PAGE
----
Pressured by Maine manufacturers, labor unions and energy developers, Maine Gov. John Baldacci Friday signed into law legislation that places a moratorium on a controversial plan for an energy corridor to move electricity and natural gas between New Brunswick, Canada and New England. Baldacci inked the bill only hours after the state legislature passed it.
The legislation went into effect immediately because it was passed by more than a two-thirds majority and included an emergency enactor provision. The bill placed a moratorium on construction of large transmission lines until a newly created study commission reports and the legislature acts on its report.
Members of the Maine Jobs First coalition called on the legislature to withhold its approval of the energy corridor until New Brunswick and the Canadian government tone down their opposition to the construction of liquefied natural gas (LNG) facilities on Passamaquoddy Bay, which borders Maine and the Canadian province of New Brunswick.
In 2007, the Federal Energy Regulatory Commission denied New Brunswick's request to suspend processing of the applications to build two LNG terminal and associated pipeline projects in Maine. In making the request, New Brunswick cited the Canadian government's decision to deny Maine-bound LNG tankers permission to cross Canadian waters to reach their proposed terminals (see NGI, June 11, 2007).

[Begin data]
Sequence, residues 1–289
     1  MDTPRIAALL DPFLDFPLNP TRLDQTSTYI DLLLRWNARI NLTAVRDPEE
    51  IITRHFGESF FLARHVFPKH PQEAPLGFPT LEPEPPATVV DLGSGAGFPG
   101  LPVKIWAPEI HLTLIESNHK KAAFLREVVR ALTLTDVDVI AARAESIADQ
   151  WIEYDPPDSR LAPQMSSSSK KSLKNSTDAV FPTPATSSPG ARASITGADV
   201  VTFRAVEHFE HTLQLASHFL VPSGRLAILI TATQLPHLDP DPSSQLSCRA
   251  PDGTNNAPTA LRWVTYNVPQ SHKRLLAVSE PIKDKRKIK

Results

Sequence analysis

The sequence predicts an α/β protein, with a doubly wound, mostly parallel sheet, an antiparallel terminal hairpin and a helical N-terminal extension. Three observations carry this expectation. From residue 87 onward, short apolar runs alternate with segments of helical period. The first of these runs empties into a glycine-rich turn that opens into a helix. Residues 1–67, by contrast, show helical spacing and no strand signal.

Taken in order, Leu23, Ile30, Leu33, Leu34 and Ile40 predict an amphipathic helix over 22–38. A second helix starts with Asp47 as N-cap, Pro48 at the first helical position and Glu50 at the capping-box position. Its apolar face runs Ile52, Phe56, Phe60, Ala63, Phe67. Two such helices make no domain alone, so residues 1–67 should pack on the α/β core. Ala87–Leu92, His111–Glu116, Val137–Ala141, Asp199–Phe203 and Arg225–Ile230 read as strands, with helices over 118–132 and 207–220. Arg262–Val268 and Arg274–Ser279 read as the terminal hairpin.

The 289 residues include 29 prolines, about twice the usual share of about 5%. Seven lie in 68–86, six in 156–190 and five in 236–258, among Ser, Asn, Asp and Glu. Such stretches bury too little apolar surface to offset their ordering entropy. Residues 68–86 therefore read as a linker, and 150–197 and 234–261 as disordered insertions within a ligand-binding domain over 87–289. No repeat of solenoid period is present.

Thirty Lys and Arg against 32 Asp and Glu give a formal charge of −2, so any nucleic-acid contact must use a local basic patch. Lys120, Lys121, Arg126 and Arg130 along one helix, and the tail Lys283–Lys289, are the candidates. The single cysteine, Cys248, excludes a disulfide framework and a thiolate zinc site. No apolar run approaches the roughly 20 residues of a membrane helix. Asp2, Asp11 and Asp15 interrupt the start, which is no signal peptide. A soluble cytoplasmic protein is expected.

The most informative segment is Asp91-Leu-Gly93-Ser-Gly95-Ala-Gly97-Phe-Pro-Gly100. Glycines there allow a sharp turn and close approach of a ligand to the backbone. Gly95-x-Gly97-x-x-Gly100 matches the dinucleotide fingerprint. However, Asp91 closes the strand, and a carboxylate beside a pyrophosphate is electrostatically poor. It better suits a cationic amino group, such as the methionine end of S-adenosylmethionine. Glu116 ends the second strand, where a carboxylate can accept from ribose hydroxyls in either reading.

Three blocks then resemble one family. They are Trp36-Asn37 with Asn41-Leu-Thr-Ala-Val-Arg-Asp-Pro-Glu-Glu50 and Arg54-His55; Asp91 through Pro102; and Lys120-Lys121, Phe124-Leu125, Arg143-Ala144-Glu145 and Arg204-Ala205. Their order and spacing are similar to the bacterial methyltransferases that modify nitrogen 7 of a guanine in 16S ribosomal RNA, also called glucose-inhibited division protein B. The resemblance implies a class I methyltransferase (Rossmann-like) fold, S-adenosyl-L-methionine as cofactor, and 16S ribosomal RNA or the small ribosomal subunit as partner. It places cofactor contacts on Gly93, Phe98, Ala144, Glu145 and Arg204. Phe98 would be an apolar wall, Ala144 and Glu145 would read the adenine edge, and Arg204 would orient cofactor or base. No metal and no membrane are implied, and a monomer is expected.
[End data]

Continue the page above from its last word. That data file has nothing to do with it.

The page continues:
The Maine legislature's action "effectively blocks certain [power] lines from Canada and will help pressure Canada to allow Maine to transport LNG through Canadian waters. In turn LNG will lower our electric rates by 10-15%, if we have LNG storage in Maine," said Anthony Buxton, general counsel to the Industrial Energy Consumer Group (IECG).
"We are relieved that the legislature clearly heard our concerns and acted accordingly. This proposal was seriously flawed and put Maine in the back seat," said John Hanson, executive director of the Maine State Building & Construction Trades Council.
In March, Baldacci and New Brunswick Premier Shawn Graham pledged to pursue the development of a Northeast energy corridor, which would cross from New Brunswick into Maine and ensure the delivery of a wide range of energy products -- natural gas, electricity and renewable energy -- to the region.
Saint John, NB-based Irving Oil Ltd. is conducting commercial and technical feasibility studies on the first phase of development of the corridor, which includes 1,200-1,500 MW of electrical transmission capability, wind generation and a natural gas-fired co-generation plant.
"We understand why Irving Oil was itching to build this thing, but we didn't believe that Maine should bear the costs while Canada gets all the cash," Hanson said.
"With Maine's energy future at stake, we should not be sacrificing opportunities on our side of the border. We're glad to see that this massive corridor will get more scrutiny because Maine simply can't afford to get this wrong," said Glenn Poole, president of the IECG and members of the Maine Jobs First Coalition.
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